Whether we like it or not, every employer competes with the major tech giants.

While many employers compete directly with these companies for top talent, all employers compete with the consumer expectations these organizations set. What employees once tolerated as the cold realities of inefficient internal processes is no longer acceptable. Some employers came to this conclusion over the last decade, but the "fix" is still elusive for even many of the world’s leading companies. Moving to the "new" in human resources requires a fundamental shift in HR’s role and how HR services are delivered—a move away from the rigid, inefficient ways that stereotype HR functions and processes toward a more agile, service-driven human resources function underpinned with technology that supports efficiency, data-driven decision making, and innovation.

Reflecting on the Path to Today
Between 2000-2010, efficiency and effectiveness were all the buzz in the HR transformation space. Large companies executed HR transformation projects that standardized and consolidated back-office activities through shared services, focused functional capability within centers of expertise, and supported HR business alignment through HR business partners. What was a sound concept misaligned with reality—employees, managers, and particularly HR were not ready for this change. Perhaps more importantly, the capability and usability of HR technologies insufficiently supported the expectations set forth in "best practice" HR operating models.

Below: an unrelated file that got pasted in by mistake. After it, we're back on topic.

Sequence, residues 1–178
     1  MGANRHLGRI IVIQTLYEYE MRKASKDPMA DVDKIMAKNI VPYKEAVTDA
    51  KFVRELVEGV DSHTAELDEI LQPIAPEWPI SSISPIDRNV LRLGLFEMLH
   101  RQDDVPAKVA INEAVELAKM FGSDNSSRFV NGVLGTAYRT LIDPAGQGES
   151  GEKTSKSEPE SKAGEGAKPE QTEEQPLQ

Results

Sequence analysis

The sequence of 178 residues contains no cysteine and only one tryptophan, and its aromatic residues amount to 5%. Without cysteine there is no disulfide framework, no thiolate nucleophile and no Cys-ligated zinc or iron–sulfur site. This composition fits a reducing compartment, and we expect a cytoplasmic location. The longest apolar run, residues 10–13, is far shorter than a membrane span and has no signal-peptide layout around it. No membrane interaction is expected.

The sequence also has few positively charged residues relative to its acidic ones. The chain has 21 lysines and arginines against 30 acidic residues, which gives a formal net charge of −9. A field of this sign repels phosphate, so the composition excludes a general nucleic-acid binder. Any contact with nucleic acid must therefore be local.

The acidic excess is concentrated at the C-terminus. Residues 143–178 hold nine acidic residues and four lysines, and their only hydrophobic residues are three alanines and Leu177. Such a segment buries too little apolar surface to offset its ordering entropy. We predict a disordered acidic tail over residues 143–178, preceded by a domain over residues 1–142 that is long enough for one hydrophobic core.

Toward the second half of that decade, HR enterprise cloud software became popular as organizations recognized the limited functionality of their static, clunky, on-premise systems. Investments in point systems from cloud technology vendors became popular across recruiting, onboarding, compensation, talent, and learning functions. With promises of slick interfaces and leading functionality, these tools were sold to HR experts and left IT with the task of integrating them with legacy, on-premise applications. As organizations invested in these tools, the lack of common data and reporting became an issue while diverse system interfaces created disjointed user experiences. Soon enough, the larger cloud vendors acquired smaller players and rolled out full “talent suites” to provide integrated hiring, talent, and compensation functionality.

By 2010, led by Workday’s market disruption, the next HR trend was sunsetting legacy, on-premise systems and "moving to the cloud." By providing a truly unified system and user experience, Workday’s appeal was rooted in simplicity and transformation being inherent in its business process framework.

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@Workday’s appeal was rooted in simplicity & #transformation being inherent in its business process framework.

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As organizations increasingly flocked toward Workday as their go-forward cloud HR system, HR transformation took a sharp turn. Buzzwords like "time to value" drove deployment strategies heavily focused on process standardization.